Well we only have 10 days left now, so this will be one of my last blogs. It’s been a fast and furious couple of weeks and even though most of it has been spent in the car, trying to get further east, I still have a lot to tell you.
Yesterday was Independence Day in the USA and I had decided that Colonial Williamsburg would be the perfect place to spend it for a couple of reasons. 1) Virginia is where Thomas Jefferson, who wrote the Declaration of Independence, was from and 2) Colonial Williamsburg is a purpose built town that takes you back to Jefferson’s era so it seemed perfect.
So we knew that we had 2 weeks to get from Seattle to Williamsburg, Virginia (south of Washington DC) and seeing as it took us 4 weeks just to get from Florida to Vegas, we were obviously on a tight deadline.
We didn’t spend much time in Seattle unfortunately. The problem for us with big cities is that they are expensive to stay in. Hotels and motels in the city cost far more than in the suburbs but if you stay in the suburbs then you need to pay expensive parking costs to do any sightseeing. Therefore, we’ve had to keep city visits down to just a day. We don’t see this as an issue though because to be honest, when we come back to the States in the future we’re more likely to have more money and can then stay in the nice hotels in the cities! Plus, we’ve found that the country and smaller places are far more appealing and interesting than most of the cities anyway.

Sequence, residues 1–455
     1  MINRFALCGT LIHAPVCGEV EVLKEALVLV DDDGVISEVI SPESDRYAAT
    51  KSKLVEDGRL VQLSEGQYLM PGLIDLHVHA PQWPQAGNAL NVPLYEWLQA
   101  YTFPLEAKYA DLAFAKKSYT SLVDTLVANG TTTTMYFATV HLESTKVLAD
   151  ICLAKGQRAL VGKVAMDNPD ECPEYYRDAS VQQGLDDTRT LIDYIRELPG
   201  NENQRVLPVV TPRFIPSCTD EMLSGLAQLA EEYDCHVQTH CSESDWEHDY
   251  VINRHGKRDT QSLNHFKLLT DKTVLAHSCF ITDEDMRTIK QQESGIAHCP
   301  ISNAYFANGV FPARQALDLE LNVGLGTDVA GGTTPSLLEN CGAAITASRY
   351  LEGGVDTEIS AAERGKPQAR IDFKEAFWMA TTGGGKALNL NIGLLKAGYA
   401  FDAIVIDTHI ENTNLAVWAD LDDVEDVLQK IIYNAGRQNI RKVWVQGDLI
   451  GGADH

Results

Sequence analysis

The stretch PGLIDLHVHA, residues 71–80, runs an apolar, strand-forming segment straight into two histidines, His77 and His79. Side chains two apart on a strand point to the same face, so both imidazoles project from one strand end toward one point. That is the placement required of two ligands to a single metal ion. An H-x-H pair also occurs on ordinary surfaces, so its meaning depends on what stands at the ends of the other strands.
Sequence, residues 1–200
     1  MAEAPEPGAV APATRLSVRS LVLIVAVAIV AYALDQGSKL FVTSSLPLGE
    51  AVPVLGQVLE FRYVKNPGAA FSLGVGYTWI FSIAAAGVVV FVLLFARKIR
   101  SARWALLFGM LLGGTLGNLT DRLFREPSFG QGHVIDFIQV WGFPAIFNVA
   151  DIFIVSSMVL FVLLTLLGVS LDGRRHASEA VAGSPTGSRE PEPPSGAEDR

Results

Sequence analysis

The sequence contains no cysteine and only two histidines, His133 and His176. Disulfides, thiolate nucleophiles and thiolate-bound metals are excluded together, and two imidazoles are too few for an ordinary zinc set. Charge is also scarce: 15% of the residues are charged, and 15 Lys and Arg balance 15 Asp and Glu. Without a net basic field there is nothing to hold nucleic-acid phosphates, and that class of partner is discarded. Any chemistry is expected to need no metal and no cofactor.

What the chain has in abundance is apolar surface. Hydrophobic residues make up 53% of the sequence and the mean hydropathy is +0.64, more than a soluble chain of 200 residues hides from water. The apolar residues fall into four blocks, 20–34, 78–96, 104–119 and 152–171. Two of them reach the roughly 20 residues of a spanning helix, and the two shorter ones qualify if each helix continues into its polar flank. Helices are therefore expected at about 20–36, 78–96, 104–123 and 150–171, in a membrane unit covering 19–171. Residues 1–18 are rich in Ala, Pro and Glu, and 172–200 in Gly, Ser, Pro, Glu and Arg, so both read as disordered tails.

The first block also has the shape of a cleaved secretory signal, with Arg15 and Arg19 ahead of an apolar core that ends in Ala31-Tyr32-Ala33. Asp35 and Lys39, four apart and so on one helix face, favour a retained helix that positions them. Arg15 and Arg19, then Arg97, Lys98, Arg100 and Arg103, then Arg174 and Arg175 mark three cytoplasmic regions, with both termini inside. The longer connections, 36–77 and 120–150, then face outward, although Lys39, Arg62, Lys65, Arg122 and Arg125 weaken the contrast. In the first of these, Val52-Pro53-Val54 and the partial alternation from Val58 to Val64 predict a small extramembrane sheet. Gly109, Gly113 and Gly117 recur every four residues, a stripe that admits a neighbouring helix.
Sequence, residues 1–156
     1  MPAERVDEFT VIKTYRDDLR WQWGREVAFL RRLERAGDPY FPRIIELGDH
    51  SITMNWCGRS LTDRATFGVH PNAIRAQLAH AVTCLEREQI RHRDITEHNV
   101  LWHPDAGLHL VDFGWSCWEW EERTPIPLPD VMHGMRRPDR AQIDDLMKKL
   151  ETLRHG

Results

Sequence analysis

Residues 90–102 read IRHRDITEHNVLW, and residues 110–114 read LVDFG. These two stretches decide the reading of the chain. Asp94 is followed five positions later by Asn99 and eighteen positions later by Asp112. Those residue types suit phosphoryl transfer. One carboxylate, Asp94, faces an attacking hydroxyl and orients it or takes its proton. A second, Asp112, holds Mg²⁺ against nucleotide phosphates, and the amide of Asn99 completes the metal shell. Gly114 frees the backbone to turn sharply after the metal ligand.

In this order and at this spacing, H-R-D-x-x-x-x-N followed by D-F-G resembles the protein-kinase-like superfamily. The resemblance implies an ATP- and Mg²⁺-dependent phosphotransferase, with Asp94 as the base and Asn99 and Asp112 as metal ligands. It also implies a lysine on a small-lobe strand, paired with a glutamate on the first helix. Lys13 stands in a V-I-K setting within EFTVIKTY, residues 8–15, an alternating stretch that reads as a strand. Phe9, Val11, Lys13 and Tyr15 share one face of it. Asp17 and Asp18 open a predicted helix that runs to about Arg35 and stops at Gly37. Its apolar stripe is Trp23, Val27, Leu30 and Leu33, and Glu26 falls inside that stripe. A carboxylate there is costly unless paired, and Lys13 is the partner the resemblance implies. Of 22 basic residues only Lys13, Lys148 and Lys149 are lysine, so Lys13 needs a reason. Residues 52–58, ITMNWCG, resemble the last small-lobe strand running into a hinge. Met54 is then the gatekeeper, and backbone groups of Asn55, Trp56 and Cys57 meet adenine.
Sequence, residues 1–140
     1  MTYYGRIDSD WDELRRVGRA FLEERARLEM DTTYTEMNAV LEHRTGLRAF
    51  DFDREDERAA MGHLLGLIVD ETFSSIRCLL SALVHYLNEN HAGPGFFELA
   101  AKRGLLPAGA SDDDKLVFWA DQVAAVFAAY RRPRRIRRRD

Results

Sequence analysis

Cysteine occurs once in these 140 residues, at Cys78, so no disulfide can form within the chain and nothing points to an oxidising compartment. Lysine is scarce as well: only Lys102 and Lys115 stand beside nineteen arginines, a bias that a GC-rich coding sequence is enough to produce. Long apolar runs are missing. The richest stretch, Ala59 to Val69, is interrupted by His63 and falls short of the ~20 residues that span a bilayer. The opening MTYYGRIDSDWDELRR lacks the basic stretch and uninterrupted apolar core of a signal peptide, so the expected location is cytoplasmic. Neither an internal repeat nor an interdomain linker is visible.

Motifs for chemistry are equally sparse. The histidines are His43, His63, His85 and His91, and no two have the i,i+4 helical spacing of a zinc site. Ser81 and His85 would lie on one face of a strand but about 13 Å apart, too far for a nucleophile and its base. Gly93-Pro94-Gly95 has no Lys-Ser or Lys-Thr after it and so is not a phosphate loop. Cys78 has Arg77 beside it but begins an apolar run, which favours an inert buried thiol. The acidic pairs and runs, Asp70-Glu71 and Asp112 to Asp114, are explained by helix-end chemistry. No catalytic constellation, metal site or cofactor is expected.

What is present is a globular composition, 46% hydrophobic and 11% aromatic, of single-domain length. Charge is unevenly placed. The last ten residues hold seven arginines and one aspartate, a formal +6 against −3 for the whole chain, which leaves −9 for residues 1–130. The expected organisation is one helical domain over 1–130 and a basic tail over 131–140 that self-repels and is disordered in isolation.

When we arrived in Seattle we drove past the Space Needle and pretty much decided that we had done Seattle. Driving through the streets looking for somewhere to park gave us a good idea of what it was all about and seeing as we have no money for shopping or having sumptuous meals, we’re really there just to see famous landmarks. We parked up, walked to the Space Needle and the Seattle Centre, got back in to the car and drove an hour east to find somewhere to stay for the night. Oh, and we didn’t think the Space Needle was all that anyway!